Facebook is great for “liking” your friends’ status updates. Twitter is ideal for keeping up with your favorite celebrities. YouTube’s the best way to find a video clip of a cat hanging by its claws from a tree. But social media sites like these, and the dozens of others that exist, have uses far beyond just chatting with friends and killing time online. For businesses, they are the newest and hottest way to get people interested in — and buying — their products.
What’s Your Handle?
First and foremost, a company’s social media strategy must focus on more than advertising. Wendy Soucie, a Wisconsin-based social media strategist, says businesses need to remember the “social” part of social media. “If all they use it for is a cheap way to advertise and market their products, they will actually fail,” notes Soucie. “They won’t be successful because the people who are using social media use it much more to be social first, and they allow businesses to come into their social space by following and liking them. If companies aren’t fun, if all they do is pitch their products, they’ll turn their followers off really quickly.”
Soucie uses the example of AJ Bombers, a burger restaurant in Milwaukee that does such a good job of talking to its customers on Twitter that the company knows their names – and Twitter handles – when they walk in through the door. “It’s all about extending the relationship with customers,” Soucie says.
Or take 14-year-old Harry Hodgson, a student at South Axholme School in Doncaster, United Kingdom. He co-owns an Internet radio station, Reem Radio, and uses Twitter and Facebook to promote it. With Twitter, he lets the station’s followers know about upcoming programs, and also gets feedback on the station and suggestions for improvement.
Hodgson has also had a social media internship with the website raisingceokids.com and is planning social media campaigns for several nonprofit projects. He’s done all this by learning on his own the best ways to use social media to build a business and help it thrive. “I think you should balance your learning,” he says. “Self-teach, then check your teaching with an expert. I recommend watching some YouTube videos and signing up for some newsletters and maybe even asking around. That’s all I did. It won’t take a day or a week to learn – it may take a month or longer, but you’ve got to stay hungry and really believe the work can pay off.”
Before starting to use social media tools, companies need to ask themselves two questions: Are their customers using social media, and do they know which platforms – Facebook, Twitter, LinkedIn, YouTube – they use? If they can answer both questions, then they’re ready to start their campaign, Soucie suggests.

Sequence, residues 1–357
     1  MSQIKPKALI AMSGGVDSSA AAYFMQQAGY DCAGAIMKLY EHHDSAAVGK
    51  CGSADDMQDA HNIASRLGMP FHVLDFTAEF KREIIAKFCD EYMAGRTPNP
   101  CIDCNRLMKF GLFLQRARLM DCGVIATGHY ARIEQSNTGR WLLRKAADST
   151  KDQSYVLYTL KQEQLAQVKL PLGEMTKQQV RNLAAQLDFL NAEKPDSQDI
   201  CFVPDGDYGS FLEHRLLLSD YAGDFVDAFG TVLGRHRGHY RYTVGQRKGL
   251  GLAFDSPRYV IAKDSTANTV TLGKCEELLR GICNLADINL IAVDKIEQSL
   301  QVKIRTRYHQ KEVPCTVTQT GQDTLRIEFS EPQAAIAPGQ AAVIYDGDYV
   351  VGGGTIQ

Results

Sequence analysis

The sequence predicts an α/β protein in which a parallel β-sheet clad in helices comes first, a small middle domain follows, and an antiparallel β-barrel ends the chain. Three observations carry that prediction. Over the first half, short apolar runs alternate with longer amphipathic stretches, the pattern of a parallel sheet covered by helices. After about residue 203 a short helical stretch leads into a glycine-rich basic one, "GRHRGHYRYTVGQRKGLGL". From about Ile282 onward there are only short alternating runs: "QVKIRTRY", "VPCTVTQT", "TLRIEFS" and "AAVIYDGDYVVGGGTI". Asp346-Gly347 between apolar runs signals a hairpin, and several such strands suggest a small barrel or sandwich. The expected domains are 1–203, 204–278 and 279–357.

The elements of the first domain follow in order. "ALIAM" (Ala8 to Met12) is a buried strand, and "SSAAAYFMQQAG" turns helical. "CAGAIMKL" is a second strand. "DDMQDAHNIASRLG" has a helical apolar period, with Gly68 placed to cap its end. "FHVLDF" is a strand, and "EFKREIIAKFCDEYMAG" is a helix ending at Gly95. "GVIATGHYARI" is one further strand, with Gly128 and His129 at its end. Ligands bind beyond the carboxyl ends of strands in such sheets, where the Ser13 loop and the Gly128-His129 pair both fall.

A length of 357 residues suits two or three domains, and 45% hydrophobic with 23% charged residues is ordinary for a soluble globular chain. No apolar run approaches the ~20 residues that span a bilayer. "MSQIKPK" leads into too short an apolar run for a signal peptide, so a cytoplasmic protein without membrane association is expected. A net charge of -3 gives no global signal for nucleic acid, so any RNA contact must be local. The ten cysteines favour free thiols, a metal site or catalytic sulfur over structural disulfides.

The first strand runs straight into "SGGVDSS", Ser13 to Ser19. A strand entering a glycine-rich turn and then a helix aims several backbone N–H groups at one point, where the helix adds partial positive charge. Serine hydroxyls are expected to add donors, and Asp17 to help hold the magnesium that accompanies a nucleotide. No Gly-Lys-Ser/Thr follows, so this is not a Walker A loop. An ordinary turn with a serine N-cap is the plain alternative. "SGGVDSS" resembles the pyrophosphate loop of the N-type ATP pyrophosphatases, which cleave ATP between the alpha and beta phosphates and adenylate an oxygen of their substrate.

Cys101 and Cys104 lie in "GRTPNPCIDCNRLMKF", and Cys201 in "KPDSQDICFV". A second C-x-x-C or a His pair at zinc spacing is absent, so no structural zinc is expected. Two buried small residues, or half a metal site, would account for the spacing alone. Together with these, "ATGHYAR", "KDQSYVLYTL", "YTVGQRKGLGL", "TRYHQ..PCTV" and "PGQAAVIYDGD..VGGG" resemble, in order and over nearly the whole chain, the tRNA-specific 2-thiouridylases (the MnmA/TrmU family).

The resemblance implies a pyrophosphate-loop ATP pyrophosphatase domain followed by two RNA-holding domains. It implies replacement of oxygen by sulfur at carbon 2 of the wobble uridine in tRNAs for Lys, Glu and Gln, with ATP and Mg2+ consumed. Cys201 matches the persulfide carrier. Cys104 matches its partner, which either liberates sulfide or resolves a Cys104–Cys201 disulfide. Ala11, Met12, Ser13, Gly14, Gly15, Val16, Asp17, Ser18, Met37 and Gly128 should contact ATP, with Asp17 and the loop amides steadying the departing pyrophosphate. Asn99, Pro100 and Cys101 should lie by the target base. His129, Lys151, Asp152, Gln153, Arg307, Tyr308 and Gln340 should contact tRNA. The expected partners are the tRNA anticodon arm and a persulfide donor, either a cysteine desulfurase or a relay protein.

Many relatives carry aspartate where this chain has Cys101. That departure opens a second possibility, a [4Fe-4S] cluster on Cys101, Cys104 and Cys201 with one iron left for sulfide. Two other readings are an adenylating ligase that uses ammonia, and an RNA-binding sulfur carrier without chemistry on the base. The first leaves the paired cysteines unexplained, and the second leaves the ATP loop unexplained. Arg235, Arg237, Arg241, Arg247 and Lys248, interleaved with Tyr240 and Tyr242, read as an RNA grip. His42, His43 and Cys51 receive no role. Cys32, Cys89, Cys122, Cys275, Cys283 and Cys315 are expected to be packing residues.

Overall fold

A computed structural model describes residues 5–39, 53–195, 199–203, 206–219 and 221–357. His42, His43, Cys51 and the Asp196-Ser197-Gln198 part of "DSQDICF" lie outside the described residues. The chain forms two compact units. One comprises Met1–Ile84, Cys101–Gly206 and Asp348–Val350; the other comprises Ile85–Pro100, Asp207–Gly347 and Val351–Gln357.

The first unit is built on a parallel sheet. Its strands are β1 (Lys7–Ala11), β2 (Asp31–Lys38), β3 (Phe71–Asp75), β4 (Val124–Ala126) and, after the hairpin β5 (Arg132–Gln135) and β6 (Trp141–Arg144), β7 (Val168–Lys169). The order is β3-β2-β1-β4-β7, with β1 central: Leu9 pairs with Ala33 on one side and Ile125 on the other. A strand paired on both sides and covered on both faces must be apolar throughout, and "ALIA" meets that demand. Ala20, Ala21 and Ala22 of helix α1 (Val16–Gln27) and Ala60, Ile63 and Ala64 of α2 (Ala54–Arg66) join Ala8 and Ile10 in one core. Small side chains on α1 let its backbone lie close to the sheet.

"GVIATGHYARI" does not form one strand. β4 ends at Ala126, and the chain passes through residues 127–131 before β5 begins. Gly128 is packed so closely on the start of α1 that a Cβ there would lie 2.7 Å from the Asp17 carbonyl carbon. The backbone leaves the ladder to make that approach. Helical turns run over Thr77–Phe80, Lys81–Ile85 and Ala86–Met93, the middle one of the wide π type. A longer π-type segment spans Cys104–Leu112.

The next challenge is making sure that the company has the resources – the money, the manpower or the time – to keep itself active on social media once its gets started.
“You can’t build a Facebook page and leave it alone like so many people did with websites,” notes Soucie. “If you’re in social media, are you sharing something of value and interacting with your audience regularly? If you’re not sharing two or three times a day, an email newsletter may be the right choice.”
So you know how to tweet, your company has a clear strategy and you have devoted time and money to the social media campaign. While a lot of companies would consider their planning complete, many skip the most important step, says Brian Solis, a new media expert at Altimeter Group in San Mateo, Calif. It is deciding how to measure the success of the campaign. Will you count the number of Twitter followers? The number of Facebook shares? The number of products that are purchased after the campaign begins?
Once you embrace social media, adds Solis, you need to make sure it is working for you – and adjust your strategy accordingly if it is not. Invest in ways to measure effectiveness, rather than just posting, tweeting and hoping they stick. In his blog “You Can’t Measure What It Is You Do Not Value,” Solis writes, “The path to measurement starts with a clear picture of the destination and what it takes to get from here to there.” Companies need to “understand the need and the opportunity amongst customers and prospects” and “design programs that meet their needs, offer tangible value and tie to business objectives.”
Monitoring the so-called “three Fs” – Friends, Fans and Followers – is not a complete measurement of success, suggests Solis. Social media connections run deeper. “Focusing on numbers is only part of the story in this intricate production we call social media,” he notes. In the end, you are measured by whom you reach, the experiences you create and the actions you inspire.